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DIRECTIONS FOR LEARNERS.
and wrist which are required to facilitate the turning under and over of the thumb and fingers; both these forms of freedom being imperative, even if you wish to play a simple scale or arpeggio with evenness.1
AS TO MOVEMENTS BEFORE REACHING THE KEYS:
§ 55. As this matter often proves puzzling, a few words must here be devoted to this detail:
Movements required to bring the finger-tips into contact with the key-surface do not. strictly speaking, belong to the Act of Touch itself, since that does not commence until the key is reached. Ample preliminary movements are however helpful, when there is time for them. In making such ample movements with the fingers, we are more likely to learn to use these freely (provided we are not tempted into hitting at the keys), and we shall be better able to learn to distinguish each finger from the others; while in the case of arm-touch, a preliminary movement of it helps to overcome its inertia before the key-surface is reached, which also is an advantage.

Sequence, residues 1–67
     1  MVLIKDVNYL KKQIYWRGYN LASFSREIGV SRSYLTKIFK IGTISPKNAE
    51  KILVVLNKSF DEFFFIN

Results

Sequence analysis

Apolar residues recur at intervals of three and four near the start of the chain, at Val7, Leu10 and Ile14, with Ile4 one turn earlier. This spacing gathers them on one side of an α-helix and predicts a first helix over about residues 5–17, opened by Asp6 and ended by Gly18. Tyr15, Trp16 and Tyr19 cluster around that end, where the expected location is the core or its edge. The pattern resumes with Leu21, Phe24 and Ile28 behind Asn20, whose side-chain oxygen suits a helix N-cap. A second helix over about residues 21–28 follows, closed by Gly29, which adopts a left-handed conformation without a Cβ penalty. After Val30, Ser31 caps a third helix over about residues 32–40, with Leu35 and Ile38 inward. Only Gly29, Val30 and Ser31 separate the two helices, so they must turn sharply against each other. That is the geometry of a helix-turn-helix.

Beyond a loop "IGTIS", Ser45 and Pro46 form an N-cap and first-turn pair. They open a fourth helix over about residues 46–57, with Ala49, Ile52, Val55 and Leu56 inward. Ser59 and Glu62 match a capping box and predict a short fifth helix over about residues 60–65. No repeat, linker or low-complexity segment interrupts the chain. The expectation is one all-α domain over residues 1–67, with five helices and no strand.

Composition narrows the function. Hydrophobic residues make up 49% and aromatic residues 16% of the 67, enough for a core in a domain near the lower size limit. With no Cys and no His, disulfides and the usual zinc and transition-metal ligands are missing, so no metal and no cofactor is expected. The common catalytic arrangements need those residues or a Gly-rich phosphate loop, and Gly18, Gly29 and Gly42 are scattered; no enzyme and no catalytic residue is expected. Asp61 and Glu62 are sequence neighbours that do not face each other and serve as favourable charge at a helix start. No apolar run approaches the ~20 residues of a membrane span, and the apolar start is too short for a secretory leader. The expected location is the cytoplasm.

Movements towards the keys, whether of the finger, hand or arm, should however be passive rather than active in their nature. Thus:—
a) The Finger, in moving towards a key, should not be more exerted than will neatly bring its tip upon the key without any real hitting of the key-surface. It should almost fall by its own weight, so slight should the exertion be.
b) The Hand, in Hand-touch (so-called "Wrist-touch"), should fall of its own weight, if previously raised off the key-surface; this suffices in nearly all cases.
c) The Arm, in Arm-touch, must also be allowed to fall
of its own weight upon the key, it being however not
more relaxed than will permit it to fall upon the keys
comparatively gently, unless a harsh tone is desired.
1 Exercises for these purposes will be found with others in the " Muscular-discrimination studies."—"Relaxation studies," Bosworth.